Implications for Everyday Systems

Issues of Modelling

In the previous chapter I showed how various general forms of behavior that are common in nature can be understood by thinking in terms of simple programs. In this chapter what I will do is to take what we have learned, and look at a sequence of fairly specific kinds of systems in nature and elsewhere, and in each case discuss how the most obvious features of their behavior arise.

The majority of the systems I consider are quite familiar from everyday life, and at first one might assume that the origins of their behavior would long ago have been discovered. But in fact, in almost all cases, rather little turns out to be known, and indeed at any fundamental level the behavior that is observed has often in the past seemed quite mysterious. But what we will discover in this chapter is that by thinking in terms of simple programs, the fundamental origins of this behavior become much less mysterious.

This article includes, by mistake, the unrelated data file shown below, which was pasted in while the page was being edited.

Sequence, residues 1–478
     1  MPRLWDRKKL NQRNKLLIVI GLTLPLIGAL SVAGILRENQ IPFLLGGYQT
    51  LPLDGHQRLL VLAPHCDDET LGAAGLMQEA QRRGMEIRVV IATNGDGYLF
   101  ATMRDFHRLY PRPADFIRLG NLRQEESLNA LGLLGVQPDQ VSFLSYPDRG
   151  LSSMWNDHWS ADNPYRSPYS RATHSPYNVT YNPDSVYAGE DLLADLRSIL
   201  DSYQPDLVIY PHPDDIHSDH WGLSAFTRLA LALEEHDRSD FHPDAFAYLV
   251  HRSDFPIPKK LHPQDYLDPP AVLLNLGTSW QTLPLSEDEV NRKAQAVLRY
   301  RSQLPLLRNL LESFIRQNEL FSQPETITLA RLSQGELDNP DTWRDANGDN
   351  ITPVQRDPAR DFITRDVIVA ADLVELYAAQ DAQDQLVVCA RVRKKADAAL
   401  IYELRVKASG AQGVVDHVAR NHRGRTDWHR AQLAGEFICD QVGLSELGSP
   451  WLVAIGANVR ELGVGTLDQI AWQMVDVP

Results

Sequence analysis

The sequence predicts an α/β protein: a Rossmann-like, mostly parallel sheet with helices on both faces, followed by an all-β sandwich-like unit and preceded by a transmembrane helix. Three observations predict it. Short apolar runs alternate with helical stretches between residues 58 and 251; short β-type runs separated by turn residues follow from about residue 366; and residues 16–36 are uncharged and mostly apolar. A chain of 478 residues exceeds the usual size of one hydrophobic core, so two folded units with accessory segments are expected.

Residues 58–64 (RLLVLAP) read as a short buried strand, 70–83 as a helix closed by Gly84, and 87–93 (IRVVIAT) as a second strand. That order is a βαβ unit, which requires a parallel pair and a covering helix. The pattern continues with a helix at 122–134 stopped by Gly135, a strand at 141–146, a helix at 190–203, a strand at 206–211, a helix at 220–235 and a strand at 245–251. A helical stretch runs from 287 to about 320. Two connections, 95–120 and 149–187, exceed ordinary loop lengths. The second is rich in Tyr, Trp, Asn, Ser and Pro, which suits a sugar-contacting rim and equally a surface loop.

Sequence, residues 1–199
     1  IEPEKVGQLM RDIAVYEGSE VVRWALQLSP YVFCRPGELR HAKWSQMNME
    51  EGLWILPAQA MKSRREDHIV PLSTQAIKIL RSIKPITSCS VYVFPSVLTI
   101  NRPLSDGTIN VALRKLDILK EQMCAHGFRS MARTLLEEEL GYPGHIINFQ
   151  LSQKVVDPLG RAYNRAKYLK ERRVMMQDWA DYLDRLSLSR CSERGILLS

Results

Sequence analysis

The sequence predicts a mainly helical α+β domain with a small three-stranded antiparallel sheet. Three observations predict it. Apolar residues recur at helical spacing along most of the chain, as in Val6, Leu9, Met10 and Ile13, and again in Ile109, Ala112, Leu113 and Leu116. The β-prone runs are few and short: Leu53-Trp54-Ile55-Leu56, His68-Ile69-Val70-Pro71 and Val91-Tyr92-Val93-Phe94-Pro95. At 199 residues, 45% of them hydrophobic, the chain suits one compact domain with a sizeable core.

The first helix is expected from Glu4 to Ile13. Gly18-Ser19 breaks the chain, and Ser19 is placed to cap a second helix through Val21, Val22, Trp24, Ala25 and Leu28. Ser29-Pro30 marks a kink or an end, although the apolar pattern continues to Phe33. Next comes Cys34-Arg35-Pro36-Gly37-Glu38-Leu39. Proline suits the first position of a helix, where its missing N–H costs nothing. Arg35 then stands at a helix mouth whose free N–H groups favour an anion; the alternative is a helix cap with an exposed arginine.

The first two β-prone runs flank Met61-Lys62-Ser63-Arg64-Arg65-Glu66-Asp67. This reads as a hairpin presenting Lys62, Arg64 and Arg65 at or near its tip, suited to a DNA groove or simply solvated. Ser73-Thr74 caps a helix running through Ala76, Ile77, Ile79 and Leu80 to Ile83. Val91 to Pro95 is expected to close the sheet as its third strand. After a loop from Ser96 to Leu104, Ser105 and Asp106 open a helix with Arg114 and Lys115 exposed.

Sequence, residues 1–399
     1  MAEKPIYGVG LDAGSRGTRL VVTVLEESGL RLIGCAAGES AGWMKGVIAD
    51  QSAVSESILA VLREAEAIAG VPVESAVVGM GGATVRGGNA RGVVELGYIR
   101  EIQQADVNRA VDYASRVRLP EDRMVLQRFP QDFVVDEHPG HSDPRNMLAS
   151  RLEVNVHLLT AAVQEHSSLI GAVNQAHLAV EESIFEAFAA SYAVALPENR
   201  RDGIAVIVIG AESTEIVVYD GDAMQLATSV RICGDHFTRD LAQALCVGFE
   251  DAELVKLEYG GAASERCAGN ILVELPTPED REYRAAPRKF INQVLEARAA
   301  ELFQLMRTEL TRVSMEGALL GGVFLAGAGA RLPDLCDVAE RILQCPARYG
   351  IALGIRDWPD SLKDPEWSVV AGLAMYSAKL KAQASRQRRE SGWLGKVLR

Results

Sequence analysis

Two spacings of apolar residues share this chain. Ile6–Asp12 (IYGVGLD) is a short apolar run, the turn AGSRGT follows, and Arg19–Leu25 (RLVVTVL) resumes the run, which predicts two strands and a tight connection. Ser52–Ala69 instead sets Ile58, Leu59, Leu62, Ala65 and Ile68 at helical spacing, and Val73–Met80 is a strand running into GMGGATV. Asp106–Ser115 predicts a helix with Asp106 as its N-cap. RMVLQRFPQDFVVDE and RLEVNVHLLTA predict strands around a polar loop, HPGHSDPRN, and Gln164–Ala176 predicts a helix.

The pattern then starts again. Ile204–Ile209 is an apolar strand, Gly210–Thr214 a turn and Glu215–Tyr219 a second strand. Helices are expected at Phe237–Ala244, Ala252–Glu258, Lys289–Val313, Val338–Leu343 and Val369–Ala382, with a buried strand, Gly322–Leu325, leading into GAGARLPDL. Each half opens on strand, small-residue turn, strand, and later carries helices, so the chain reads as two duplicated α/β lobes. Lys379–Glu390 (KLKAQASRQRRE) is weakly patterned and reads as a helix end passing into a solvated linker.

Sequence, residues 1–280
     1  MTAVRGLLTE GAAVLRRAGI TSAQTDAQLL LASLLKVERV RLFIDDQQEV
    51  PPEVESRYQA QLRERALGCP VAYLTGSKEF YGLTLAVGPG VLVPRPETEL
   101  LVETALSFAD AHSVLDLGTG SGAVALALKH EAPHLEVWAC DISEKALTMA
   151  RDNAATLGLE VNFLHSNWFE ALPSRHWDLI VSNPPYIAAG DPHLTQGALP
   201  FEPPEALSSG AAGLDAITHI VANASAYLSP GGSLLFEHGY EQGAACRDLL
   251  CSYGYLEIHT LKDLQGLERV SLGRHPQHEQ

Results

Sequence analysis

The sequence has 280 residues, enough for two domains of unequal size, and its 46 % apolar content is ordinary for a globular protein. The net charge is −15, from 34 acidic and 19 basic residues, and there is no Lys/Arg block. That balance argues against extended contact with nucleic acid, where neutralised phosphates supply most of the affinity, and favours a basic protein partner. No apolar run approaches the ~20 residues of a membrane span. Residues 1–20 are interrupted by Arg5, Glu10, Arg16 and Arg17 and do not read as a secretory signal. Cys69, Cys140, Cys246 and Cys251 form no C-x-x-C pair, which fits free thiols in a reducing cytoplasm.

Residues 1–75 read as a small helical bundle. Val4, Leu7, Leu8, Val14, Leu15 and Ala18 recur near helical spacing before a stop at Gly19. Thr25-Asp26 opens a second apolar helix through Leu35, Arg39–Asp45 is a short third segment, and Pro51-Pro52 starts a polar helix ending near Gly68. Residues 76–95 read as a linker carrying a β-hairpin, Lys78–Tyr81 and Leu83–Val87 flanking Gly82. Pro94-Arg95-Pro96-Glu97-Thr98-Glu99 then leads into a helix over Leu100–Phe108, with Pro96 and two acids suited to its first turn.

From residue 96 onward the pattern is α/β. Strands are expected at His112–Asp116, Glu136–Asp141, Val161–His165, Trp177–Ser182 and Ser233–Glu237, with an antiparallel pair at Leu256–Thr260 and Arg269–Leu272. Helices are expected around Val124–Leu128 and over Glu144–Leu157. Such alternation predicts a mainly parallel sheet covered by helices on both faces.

It should be said at the outset that it is not my purpose to explain every detail of all the various kinds of systems that I discuss. And in fact, to do this for even just one kind of system would most likely take at least another whole book, if not much more.

But what I do want to do is to identify the basic mechanisms that are responsible for the most obvious features of the behavior of each kind of system. I want to understand, for example, how in general

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From Stephen Wolfram: A New Kind of Science [citation]